The hammers and power saws are still out, but just not at the frequency they were in first couple of years after the storm.
This is because Lauderdale County's Habitat for Humanity has been so successful in getting storm victims into homes.
"Those that moved here don't have a support system of families," said executive director Fonda Rush. "There's are still on the coast or New Orleans, so they became our family."
And this family tie gets stronger and stronger every year. Rush started feeling the very familiar, storm-related emotions about two weeks ago.
"Actually I've been crying for three days," said Rush. "And you get to the point where you don't want to talk about it, because those emotions come to the top."
But Rush tries not to focus on the sad memories, but instead look at the good that has come in the last five years. And she says there is plenty to talk about.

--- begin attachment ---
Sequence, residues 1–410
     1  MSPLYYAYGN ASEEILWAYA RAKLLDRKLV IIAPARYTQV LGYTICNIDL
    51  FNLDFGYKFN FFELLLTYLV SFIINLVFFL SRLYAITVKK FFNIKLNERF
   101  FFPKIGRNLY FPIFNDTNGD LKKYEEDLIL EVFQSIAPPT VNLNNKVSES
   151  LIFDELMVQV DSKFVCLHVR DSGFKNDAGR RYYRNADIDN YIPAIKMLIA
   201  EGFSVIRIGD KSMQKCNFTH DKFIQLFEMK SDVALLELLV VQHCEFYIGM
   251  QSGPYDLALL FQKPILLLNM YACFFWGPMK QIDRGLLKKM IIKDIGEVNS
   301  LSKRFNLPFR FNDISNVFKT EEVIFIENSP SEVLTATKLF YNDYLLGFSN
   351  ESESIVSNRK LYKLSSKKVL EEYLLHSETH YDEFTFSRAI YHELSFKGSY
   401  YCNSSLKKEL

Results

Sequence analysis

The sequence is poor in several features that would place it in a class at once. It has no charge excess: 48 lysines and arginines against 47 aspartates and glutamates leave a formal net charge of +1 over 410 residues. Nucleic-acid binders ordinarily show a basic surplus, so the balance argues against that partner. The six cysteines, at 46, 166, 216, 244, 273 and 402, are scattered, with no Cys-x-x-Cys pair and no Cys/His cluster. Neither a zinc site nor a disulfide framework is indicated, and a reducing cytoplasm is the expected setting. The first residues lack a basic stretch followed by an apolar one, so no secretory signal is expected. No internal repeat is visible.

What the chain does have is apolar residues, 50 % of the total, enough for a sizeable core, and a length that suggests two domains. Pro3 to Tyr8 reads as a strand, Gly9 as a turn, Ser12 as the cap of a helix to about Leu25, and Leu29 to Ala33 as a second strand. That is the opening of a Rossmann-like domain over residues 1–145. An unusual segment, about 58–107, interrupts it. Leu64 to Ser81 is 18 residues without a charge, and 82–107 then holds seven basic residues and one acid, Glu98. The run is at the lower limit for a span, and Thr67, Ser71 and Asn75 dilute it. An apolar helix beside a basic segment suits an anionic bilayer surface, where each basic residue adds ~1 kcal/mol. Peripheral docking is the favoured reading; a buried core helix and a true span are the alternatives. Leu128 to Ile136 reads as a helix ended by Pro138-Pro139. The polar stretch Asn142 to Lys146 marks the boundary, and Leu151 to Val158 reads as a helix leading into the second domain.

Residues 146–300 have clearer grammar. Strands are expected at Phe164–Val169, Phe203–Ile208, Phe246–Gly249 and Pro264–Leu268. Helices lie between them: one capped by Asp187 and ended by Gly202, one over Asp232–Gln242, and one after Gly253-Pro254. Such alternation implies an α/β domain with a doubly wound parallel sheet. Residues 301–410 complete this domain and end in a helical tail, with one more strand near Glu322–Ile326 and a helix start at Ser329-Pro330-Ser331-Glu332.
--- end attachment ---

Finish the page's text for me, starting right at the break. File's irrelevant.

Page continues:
One thing Hurricane Katrina did was force the Lauderdale County affiliate to make some quick changes. For example, all of the volunteers who come to visit need a place to stay. Now there are guest rooms packed full of bunk beds that can sleep ten people comfortably.
"The way I look at it, and we've talked about it, is that we grew up here at Habitat," said Rush. "Katrina made us grow up, become more professional, more business-like, so we could continue to grow and grow our ministry."
The updates continue in the kitchen, where food for staff and volunteers can be prepared during busy build weeks, and in the board room. The staff used recycled materials to create a space where they can meet. All of this is needed as storm relief continues to this day.
"We are all still recovering," said Rush. "I don't know when we'll be through."